World Bulletin/News Desk
Nigeria's protesters on Saturday demanded the government to brief the public about the findings of the multinational search for scores of girls abducted by Boko Haram 82 days ago.
"All we demand for is the truth," former minister Oby Ezekwezili told fellow protesters at a venue just a few meters away from an army headquarters in Lagos.
"The government must tell us the truth," she said.
Hundreds of protesters braved heavy downpour in the commercial capital Lagos to continue rallies dedicated to pressing the government to ensure the girls are returned home alive.
"We want to know what is happening," said the former minister, flanked by top public figures like former Civil Liberties Organization (CLO) President Ayo Obe and former Lagos finance commissioner Wale Edun.
On April 14, Boko Haram militants abducted dozens of schoolgirls in Chibok town of Borno. Only about 54 of the girls have returned, while authorities say about 219 remain missing.
Boko Haram kingpin Abubakar Shekau had since claimed responsibility for the abduction, and offered to exchange them only with some of his fighters currently detained by the government.
Ezekwezili said the protesters are neither troublemakers nor thoughtless government antagonists.
"While we appreciate the sensitivity of security issues, we insist the government must balance such sensitivity with the need to keep the public informed," she added.
The government has said information regarding the girls' abduction - and rescue efforts - will be treated with caution.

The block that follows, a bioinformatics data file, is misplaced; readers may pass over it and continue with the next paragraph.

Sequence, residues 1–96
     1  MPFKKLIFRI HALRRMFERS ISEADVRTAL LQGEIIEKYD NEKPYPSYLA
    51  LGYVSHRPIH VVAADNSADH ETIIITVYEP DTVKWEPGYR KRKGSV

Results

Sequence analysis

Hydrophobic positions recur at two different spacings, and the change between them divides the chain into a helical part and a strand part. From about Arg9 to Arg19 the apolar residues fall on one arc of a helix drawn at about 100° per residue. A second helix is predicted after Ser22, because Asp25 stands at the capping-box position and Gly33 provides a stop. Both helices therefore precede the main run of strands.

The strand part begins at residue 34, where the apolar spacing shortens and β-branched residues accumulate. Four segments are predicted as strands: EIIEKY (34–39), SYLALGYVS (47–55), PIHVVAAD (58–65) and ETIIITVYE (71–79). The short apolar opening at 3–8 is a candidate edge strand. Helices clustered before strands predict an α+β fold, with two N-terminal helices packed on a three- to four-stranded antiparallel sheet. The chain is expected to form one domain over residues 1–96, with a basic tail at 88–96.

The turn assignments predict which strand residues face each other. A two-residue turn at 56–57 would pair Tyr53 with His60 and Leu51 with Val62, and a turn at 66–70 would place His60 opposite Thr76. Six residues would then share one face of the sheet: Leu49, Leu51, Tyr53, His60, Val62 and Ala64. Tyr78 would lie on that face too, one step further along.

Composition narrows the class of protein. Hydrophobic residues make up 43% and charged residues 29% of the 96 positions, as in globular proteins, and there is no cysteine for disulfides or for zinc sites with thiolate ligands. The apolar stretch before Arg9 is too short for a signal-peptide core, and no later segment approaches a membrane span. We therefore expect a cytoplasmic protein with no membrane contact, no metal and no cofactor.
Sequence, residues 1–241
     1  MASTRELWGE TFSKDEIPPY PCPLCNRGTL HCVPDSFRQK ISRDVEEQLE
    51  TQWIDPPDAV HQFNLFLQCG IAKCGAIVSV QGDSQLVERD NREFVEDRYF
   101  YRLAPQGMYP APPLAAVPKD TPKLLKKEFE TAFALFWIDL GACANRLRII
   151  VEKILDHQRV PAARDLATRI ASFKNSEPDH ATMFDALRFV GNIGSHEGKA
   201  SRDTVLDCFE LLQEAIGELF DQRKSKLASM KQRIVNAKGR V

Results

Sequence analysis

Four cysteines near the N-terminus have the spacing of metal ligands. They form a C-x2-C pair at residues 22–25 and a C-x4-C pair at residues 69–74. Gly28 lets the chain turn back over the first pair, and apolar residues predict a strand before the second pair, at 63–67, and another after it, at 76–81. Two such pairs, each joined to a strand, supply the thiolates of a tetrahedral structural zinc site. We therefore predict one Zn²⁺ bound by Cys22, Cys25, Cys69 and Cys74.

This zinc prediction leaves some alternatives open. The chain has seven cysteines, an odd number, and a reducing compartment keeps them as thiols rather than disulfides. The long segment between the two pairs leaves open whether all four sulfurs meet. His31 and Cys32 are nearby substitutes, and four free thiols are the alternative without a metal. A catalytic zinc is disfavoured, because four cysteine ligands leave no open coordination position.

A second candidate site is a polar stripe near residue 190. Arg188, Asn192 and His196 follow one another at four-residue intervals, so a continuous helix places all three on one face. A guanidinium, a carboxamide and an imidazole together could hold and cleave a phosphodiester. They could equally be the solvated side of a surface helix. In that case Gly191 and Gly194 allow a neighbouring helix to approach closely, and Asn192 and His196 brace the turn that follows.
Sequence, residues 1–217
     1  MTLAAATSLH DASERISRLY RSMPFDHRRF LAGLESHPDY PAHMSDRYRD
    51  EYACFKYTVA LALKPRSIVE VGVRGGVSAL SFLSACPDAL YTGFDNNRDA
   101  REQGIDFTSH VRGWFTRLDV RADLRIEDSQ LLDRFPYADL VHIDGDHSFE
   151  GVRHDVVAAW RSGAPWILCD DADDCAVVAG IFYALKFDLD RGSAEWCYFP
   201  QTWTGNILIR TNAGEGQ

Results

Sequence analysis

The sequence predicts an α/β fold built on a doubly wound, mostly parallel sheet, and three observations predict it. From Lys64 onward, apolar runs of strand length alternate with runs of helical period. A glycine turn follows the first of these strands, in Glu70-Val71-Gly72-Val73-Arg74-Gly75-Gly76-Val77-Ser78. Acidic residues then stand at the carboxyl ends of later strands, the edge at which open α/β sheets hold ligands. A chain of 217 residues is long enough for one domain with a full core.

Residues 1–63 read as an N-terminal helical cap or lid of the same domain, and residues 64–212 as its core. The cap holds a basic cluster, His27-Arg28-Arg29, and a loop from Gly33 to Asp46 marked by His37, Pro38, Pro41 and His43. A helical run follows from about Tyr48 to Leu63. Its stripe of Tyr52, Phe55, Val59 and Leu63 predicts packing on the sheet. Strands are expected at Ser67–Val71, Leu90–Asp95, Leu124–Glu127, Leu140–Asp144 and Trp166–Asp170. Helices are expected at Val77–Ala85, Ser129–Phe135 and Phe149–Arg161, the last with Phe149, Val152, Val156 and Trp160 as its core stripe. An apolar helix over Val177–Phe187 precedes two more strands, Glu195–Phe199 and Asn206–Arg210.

"This is a cause we are committed to not because we want to give bad name to the government but because it could have been anyone of us," said Ezekwezili.
"Our humanity is involved as a people. So do not listen to those who have branded us with all sort of names," added the former minister.
Visit not allowed
Asked to comment on remarks by former president Olusegun Obasanjo that the girls may never return, the former minister said it is her belief that the girls would be brought back alive.
She said she would rather believe claims by the chief of defense staff that the security agencies know the girls' location but would not use force to get them out for fear of losing them in the rescue effort.
Last week, American officials openly contradicted the Nigerian military by saying - more than a month after joining the multinational search effort - it is not aware of the girls' whereabouts.
Ezekwezili also dismissed as a deliberate distraction claims by critics of her protest movement that it was being sponsored by the opposition.
She criticized the government for not allowing the protesters to visit Chibok in a show of solidarity with the girls' families.
"Seventy-six of us had signaled intention to visit the community to identify with the relatives of the girls but the National Security Adviser said no one is allowed there except they are cleared," said the former minister.
"We have since written the NSA to seek clearance for the visit but there has been no response. So we are not cleared to go," she added.
Ikechukwu Adaobi, one of the protesters, said she was attending the sit-in for the first time.
"Until now I was only following the movement on social media but I was touched by the fact that some guys have for the past weeks been leaving their personal business to gather to defend our common humanity," she told AA.Last Mod: 07 Temmuz 2014, 00:13